The R-word: Why Does Recession Strike Fear in Investors?

A recession is defined as an economic decline in which gross national product (GNP) falls for two consecutive fiscal quarters. Recessions are also typically associated with greater unemployment and lower personal savings rates (a measure of a person’s disposable income) compared with the periods before the recession.

The financial environment as we see it today may be more of a natural part of the U.S. economic cycle. Sometimes, the economy grows too fast (economists call this “overheating”), which causes inflation to rise rapidly. The Federal Reserve will raise rates in an effort to cool off the economy, which has the effect of cutting demand. The result is a market downturn, lower spending, and the potential for slower growth or even a decline in the GNP—which increases the risk of a recession.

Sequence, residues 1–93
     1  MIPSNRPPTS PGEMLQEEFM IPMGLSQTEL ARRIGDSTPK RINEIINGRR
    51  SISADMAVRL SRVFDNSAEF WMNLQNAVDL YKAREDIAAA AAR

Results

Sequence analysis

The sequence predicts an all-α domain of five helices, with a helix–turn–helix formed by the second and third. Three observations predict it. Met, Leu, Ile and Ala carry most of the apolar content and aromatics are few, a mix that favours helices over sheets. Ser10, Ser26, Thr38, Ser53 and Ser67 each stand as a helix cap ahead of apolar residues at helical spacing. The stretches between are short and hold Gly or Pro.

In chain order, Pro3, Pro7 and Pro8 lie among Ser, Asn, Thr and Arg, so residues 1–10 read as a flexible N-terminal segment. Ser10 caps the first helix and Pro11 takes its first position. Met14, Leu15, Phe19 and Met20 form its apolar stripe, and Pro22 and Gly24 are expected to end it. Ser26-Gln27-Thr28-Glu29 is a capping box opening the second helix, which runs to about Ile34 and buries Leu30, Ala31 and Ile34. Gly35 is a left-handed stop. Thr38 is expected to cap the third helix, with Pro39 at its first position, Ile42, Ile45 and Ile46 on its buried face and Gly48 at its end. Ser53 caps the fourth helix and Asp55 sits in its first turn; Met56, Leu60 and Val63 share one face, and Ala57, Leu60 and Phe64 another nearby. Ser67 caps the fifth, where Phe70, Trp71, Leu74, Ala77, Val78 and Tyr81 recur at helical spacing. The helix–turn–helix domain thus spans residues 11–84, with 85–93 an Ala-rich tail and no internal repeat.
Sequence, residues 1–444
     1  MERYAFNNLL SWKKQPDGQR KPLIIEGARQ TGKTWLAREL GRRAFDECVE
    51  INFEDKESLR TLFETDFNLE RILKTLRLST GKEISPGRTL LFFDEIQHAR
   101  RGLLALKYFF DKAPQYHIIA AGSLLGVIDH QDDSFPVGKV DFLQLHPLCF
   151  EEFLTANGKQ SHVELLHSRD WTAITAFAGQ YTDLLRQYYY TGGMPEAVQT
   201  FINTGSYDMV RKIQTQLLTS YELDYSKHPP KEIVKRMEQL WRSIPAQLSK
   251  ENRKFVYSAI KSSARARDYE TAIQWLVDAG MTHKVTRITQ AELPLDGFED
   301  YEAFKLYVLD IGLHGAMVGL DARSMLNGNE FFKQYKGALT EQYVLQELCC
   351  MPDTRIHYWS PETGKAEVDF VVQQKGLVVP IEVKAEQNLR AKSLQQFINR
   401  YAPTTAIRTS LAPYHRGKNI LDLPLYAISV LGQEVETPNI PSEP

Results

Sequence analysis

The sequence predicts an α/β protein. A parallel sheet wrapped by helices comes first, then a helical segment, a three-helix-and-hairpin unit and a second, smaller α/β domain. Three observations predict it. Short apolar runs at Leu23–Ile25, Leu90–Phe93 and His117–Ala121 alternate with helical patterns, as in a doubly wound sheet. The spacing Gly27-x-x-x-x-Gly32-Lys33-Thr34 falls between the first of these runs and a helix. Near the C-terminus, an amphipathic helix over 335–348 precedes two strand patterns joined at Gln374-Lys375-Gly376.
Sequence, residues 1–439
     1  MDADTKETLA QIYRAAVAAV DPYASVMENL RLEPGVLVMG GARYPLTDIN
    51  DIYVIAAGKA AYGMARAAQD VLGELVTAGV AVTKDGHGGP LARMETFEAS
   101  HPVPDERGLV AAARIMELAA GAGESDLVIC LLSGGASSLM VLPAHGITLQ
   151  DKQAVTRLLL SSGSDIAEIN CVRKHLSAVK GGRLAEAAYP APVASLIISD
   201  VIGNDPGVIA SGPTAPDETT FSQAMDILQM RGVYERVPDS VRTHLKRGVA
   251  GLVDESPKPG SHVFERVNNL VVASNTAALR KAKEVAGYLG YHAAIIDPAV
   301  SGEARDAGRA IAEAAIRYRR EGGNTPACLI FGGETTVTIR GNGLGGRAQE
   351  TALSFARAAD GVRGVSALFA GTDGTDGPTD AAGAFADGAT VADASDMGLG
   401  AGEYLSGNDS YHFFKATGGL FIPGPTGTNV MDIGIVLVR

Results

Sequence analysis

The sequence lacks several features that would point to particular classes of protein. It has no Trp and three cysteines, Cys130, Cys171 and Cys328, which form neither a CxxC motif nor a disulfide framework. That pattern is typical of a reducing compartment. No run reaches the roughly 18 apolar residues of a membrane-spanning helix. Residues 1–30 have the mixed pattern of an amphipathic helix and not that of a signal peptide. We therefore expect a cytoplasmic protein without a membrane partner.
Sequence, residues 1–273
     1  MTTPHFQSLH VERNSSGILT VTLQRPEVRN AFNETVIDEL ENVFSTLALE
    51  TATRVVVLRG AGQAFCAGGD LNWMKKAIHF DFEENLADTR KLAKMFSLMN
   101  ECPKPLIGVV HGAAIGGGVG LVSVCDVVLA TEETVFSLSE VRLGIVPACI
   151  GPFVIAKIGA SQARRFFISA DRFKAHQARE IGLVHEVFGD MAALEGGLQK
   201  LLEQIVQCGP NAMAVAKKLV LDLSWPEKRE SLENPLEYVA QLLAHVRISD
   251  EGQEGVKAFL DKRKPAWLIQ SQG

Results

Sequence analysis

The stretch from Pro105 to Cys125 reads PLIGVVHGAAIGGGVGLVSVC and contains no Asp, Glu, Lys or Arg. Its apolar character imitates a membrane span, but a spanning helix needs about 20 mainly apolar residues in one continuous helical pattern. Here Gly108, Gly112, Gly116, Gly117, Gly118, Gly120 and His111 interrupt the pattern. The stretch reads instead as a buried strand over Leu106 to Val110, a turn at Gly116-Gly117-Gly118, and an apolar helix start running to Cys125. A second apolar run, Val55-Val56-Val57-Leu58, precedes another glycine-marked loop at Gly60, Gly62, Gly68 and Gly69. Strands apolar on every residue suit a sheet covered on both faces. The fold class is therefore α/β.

Another type of recession occurs as the result of a build-up of debt, where consumers spend a relatively high percent of their income just paying off or reducing accumulated debt, rather than spending this money on things that contribute to the growth of the economy. 

That’s the big picture. So, what does a recession actually mean to you and your family? In previous recessions, people worried about how it impacted their investments, their job, and their retirement. 

If you are concerned about the possibility of recession and the impact it will have on your personal finances, please contact us at Isakov Planning Group. We’ll discuss not only the risks for your financial future but the opportunities that an economic downturn can provide. 

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